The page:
The Murder Room (2004)

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Released 8-Sep-2006

Cover Art

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Details At A Glance

General Extras
Category Mystery Main Menu Audio
Rating Rated M
Year Of Production 2004
Running Time 177:06
RSDL / Flipper RSDL (87:50) Cast & Crew
Start Up Menu
Region Coding 2,4 Directed By Diarmuid Lawrence

Roadshow Home Entertainment
Starring Martin Shaw
Case Amaray-Transparent-Secure Clip
RPI Box Music John Lunn

Video Audio
Pan & Scan/Full Frame None English Dolby Digital 2.0 (192Kb/s)
Widescreen Aspect Ratio 1.78:1
16x9 Enhancement
16x9 Enhanced
Video Format 576i (PAL)
Original Aspect Ratio 1.78:1 Miscellaneous
Jacket Pictures No
Subtitles English for the Hearing Impaired Smoking No
Annoying Product Placement No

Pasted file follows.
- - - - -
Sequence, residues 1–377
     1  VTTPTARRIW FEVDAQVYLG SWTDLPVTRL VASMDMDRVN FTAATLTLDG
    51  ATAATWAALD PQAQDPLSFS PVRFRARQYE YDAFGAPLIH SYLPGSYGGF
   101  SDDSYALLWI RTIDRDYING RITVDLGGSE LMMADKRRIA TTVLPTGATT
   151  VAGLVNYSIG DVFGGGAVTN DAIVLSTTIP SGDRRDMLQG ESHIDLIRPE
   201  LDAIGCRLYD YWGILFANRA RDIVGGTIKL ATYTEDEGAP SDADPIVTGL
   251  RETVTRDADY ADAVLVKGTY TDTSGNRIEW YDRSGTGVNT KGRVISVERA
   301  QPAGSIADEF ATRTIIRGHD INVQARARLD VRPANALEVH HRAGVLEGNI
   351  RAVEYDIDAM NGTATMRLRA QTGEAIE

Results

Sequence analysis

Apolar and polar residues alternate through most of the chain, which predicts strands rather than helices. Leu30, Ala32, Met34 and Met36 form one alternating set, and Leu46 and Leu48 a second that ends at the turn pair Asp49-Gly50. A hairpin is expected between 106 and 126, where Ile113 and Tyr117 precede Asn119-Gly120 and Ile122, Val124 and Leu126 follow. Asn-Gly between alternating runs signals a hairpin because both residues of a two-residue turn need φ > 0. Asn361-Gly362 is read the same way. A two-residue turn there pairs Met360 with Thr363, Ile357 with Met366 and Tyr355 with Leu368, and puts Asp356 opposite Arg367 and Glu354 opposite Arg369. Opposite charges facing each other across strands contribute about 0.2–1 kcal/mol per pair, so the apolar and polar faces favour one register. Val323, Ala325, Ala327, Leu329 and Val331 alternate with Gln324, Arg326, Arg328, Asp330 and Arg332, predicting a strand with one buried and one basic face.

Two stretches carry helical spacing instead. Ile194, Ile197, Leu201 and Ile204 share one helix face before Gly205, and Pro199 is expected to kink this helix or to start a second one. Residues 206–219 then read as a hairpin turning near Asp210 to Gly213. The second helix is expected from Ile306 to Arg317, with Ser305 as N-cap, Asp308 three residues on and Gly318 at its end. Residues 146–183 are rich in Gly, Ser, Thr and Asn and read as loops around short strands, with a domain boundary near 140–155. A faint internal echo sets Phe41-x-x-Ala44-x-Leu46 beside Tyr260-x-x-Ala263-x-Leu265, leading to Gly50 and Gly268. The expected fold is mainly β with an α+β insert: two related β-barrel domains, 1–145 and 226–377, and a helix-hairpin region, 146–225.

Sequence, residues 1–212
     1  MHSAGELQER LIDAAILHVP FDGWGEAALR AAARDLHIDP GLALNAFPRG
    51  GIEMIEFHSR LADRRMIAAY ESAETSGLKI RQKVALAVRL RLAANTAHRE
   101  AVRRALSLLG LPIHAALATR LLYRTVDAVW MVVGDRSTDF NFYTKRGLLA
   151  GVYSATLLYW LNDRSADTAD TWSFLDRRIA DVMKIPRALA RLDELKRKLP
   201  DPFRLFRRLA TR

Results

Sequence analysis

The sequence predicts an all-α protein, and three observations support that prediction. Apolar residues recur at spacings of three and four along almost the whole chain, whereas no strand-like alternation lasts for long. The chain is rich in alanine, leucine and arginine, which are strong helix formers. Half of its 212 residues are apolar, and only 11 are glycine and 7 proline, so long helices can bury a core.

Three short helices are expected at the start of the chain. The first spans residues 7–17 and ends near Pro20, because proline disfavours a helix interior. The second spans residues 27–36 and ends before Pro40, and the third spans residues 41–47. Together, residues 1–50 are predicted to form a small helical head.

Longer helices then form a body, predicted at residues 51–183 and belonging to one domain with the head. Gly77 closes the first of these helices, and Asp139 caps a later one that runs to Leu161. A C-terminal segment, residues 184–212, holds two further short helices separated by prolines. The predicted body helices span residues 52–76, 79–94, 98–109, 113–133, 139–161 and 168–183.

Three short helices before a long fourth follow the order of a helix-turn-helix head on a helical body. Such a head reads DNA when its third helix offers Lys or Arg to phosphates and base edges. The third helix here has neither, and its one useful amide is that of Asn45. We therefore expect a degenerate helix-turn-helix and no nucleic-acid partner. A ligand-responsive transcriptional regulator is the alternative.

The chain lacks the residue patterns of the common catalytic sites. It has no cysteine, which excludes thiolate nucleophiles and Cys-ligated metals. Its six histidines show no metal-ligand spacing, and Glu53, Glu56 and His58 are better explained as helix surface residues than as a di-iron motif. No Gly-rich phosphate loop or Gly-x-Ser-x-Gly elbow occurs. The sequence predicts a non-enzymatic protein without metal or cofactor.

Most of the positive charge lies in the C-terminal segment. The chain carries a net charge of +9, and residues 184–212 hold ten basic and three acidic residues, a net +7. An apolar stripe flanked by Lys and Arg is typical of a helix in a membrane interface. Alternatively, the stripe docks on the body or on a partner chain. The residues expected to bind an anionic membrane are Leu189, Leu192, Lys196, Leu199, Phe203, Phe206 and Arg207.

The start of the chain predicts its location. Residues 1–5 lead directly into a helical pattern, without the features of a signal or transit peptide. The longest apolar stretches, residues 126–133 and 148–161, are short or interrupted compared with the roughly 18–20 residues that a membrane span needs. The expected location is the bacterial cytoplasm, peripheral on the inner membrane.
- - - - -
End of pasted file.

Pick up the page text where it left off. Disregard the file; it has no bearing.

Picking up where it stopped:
Action In or After Credits No

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Plot Synopsis

    Martin Shaw plays the famous detective from P.D. James' novels, Commander Adam Dalgliesh of New Scotland Yard in this 2004 telemovie. Previously this part has been played by Roy Marsden in 10 films. Personally, I much prefer Shaw. This detective is quite a complex man, a widower who still yearns for his wife and also a poet of some renown. This is the first of two telemovies in which he plays the role. Death in Holy Orders was made in 2003 and was followed by The Murder Room in 2004. They were both made for the BBC and are being released here as a two disc set. Each movie is presented in two parts as they were shown on television.